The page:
The task of the judge is to give an unbiased decision in legal disputes, i.e. also in cases to which the government is a party. To guarantee that impartiality in respect of the government, a special selection and appointment system is in place and the legal status of judges is different to that of other government officials.
Anyone who wants to become a judge needs at least seven years of professional experience. This experience can be obtained via an internal training course with the judiciary or by obtaining legal experience elsewhere. The judiciary system will provide the necessary training.
Judges are appointed by the Crown, under the aegis of the Minister of Justice. Only Dutch nationals can be appointed to the office of judge. Moreover, the candidates must have a law degree from a Dutch university.
Individuals can only be nominated for appointment to the judiciary after a recommendation from a national selection committee, made up of members from the various courts, the public prosecutor’s office and individuals that are active in society. The judge will be appointed to administer justice at a specific court. Such appointment is not possible, unless the court in question has nominated the prospective judge. Thanks to these conditions, the appointment system is as objective as possible. The judge is a government official with a special status. After the initial appointment, the judge need not accept an appointment elsewhere.
Judges can remain in office until the age of 70. At a younger age, they can only be removed from office against their will by the highest court in the Netherlands, the Dutch Supreme Court (Hoge Raad der Nederlanden), at the instigation of the Procurator General (procureur-general) of this Court. This system provides adequate protection against political influence on appointment and removal from office.
The Dutch Constitution instructs the judiciary to render decisions on disputes and it contains provisions regarding the legal status of members of the judiciary.
With due observance of the prevailing legislation, judges may, at their discretion, hear cases; they also determine, to a large extent, the practical progress in the proceedings, for instance the length of certain parts of the proceedings. If a party to proceedings has doubts about the impartiality of the judge during the proceedings, the law provides for possibilities to object to that particular judge hearing the case.
Sometimes, one party to a lawsuit is dissatisfied with the work of the judge. A distinction is made between the decision rendered by the court and the behaviour of a judge. If the dissatisfaction relates to the judgment, the party complaining usually has the option of lodging an appeal. Complaints about behaviour of a judge may be filed with the board of the court where the judge in question holds office. Every court has a complaints procedure providing for the rules on dealing with complaints.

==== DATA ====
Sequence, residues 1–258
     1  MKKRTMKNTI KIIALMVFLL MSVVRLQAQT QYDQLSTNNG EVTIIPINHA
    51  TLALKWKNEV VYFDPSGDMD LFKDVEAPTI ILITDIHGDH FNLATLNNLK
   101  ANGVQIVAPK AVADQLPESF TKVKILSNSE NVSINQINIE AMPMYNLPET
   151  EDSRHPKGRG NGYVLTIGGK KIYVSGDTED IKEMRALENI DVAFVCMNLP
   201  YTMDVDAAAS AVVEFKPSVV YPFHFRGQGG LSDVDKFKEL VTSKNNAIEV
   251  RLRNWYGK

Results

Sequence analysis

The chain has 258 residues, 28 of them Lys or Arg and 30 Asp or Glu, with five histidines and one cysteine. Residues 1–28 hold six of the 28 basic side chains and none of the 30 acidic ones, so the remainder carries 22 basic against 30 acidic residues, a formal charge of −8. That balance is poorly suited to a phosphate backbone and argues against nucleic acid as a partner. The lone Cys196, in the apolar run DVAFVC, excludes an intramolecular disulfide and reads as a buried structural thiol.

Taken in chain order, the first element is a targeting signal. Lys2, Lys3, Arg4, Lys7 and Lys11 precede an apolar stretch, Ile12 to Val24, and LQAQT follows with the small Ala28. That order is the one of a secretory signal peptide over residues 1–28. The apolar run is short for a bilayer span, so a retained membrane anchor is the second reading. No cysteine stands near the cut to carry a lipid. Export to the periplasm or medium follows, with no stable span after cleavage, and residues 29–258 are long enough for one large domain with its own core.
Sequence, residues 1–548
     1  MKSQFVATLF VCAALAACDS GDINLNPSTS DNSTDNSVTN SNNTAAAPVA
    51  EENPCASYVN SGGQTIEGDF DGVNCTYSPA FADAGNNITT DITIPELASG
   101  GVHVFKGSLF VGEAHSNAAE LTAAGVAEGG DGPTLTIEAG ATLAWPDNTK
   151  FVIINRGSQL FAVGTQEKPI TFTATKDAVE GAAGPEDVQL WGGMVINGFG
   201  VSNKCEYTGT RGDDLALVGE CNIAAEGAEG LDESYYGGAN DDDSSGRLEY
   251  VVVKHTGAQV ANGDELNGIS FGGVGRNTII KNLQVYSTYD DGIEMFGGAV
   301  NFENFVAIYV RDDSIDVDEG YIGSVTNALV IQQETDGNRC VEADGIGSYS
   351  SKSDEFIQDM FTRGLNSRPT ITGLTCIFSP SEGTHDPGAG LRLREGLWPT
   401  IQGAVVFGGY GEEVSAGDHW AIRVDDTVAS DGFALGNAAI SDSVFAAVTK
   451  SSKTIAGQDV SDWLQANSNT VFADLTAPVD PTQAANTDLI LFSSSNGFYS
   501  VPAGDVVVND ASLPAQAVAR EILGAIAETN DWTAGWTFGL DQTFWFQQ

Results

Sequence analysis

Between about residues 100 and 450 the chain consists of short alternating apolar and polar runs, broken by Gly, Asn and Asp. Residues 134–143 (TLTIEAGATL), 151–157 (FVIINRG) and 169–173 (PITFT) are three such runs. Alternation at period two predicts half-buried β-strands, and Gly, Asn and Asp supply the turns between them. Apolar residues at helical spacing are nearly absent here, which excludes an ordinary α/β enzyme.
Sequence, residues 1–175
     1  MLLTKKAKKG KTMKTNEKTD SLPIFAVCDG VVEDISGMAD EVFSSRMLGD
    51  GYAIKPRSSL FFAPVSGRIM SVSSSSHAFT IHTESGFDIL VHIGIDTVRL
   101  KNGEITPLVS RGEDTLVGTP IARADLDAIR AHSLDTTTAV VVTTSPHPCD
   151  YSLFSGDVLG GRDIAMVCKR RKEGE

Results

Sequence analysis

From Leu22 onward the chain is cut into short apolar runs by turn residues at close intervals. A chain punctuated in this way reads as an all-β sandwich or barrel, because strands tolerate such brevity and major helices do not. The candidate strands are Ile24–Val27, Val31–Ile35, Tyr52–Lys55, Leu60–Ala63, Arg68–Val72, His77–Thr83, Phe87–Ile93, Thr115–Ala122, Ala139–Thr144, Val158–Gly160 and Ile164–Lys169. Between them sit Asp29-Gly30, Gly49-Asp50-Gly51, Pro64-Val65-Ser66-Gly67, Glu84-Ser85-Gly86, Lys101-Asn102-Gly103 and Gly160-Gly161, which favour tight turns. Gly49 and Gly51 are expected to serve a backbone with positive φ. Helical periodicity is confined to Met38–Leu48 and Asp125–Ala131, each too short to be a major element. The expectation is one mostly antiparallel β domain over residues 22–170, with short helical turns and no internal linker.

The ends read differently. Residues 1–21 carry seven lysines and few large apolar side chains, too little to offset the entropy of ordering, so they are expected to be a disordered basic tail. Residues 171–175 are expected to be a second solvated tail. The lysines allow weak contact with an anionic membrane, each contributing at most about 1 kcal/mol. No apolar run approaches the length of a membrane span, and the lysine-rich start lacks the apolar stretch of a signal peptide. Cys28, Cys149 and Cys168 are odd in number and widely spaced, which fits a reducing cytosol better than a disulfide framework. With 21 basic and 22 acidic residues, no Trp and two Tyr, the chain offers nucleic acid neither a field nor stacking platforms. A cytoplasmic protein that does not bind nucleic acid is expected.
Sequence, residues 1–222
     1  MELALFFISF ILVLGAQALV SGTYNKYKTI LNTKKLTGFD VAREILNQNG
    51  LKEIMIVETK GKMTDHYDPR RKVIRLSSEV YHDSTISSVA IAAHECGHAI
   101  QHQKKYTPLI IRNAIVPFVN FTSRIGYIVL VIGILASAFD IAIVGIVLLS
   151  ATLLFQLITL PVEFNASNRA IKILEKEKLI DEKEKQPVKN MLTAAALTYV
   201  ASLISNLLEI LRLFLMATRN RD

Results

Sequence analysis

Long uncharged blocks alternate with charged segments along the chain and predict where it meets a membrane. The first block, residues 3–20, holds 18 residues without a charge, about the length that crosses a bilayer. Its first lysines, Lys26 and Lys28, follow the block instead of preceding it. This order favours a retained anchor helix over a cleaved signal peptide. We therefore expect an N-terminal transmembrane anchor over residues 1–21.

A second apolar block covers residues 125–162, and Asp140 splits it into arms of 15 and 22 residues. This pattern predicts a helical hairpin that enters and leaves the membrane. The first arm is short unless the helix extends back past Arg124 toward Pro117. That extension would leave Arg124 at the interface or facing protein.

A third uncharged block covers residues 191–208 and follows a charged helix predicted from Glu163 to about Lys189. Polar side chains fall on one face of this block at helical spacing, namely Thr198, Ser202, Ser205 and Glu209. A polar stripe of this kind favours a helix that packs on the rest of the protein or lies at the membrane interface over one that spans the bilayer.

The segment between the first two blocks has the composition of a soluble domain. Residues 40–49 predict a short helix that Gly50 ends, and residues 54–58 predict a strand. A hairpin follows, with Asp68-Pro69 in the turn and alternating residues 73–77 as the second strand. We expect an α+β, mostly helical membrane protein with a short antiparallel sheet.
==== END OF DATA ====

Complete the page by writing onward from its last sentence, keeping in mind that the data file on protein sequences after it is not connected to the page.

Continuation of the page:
There are statutory provisions on the behaviour of judges. The purpose of these provisions is guaranteeing that judges do their work impartially.
Judges work in District Courts (rechtbanken). The District Courts have four sectors: the civil-law sector, the criminal-law sector, the administrative-law sector and the sub-district court sector. Judges working in the latter sector are called: kantonrechter, the others are referred to as rechter. The judges working in the courts of appeal and the Supreme Court are called raadsheer.
Judges are usually required to hear cases in one field at the time, after which they switch to another field. They need to have expertise in at least two fields. This rule is designed to prevent judges from focussing for too long and too much on one area of expertise.
Kantonrechters hear cases on their own. The District Court judges usually hear cases on their own, but some cases must be heard by a three-judge panel. The judges in the courts of appeal hear cases with a panel of three, unless such case can be heard by one judge. The law provides rules for this. The Supreme Court hears every case with five judges.
Judges are always assisted by a clerk (griffier). One part of the clerks looks after the paperwork side of cases. Another part, with more legal training, assists the judge in preparing the hearing, draws up the official report of the hearing and drafts decisions on the instructions of the judge.
More practical information on the judiciary can be found on www.rechtspraak.nl.This is the official web site of the judiciary system. The site includes data on where correspondence must be sent, the physical address of the court, e-mail details, business hours, how to get there, complaints procedure etc.
The principal task of the public prosecutor (Officier van Justitie) is instituting criminal proceedings against people. However, the public prosecutor can also act in civil cases, for example regarding petitions for placing someone under guardianship, compulsory admission of a citizen in a psychiatric hospital or applications for amending official documents from the registry of births, marriages and deaths. The public prosecutor is part of the public prosecutor’s office. The minister of Justice is responsible. The Public Prosecution Department (Openbaar Ministerie or OM) has a National Office (parket-generaal) which is the national board and each court has its public prosecutor’s office (parket), in which the public prosecutors work. At the courts of appeal and the Supreme Court, the public prosecutors are called Advocaat-Generaal. The public prosecutor’s office of the Supreme Court has an independent position and its manager is called Procureur-Generaal.
The task of the lawyer is to guarantee that the legal position of their clients is not prejudiced. To that end, lawyers provide legal opinions and represent their clients in legal disputes and in court.